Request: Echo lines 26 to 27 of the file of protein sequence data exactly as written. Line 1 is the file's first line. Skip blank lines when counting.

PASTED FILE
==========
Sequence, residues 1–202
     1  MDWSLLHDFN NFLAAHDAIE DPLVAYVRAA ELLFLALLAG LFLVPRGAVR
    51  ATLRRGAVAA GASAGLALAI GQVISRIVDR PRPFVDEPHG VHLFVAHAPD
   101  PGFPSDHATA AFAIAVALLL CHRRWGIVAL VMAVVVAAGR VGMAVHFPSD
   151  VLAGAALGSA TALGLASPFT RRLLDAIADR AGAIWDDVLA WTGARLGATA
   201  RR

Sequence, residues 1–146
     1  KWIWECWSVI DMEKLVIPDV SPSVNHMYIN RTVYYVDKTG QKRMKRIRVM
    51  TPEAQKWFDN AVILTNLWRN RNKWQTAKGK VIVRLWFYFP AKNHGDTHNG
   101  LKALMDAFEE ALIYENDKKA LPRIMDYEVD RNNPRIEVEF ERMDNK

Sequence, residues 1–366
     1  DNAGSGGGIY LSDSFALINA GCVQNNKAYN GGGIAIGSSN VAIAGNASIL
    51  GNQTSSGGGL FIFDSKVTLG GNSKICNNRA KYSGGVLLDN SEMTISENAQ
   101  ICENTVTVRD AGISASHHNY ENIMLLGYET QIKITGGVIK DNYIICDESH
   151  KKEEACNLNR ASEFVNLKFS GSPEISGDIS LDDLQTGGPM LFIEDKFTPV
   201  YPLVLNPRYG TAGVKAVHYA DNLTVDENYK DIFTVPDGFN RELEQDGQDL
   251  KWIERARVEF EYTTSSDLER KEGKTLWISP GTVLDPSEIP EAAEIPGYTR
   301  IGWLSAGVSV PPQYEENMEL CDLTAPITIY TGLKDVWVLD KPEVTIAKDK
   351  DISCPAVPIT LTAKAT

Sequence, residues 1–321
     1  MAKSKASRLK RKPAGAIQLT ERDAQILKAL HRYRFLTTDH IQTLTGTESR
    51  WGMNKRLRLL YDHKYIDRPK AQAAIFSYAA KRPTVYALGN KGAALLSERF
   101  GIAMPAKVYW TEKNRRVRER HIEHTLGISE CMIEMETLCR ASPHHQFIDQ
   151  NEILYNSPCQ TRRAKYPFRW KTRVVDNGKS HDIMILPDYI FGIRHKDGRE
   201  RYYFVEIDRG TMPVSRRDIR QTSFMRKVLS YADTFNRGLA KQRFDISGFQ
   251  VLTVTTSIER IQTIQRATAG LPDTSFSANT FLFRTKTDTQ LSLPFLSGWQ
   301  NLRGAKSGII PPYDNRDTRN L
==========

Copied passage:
   251  VLTVTTSIER IQTIQRATAG LPDTSFSANT FLFRTKTDTQ LSLPFLSGWQ
   301  NLRGAKSGII PPYDNRDTRN L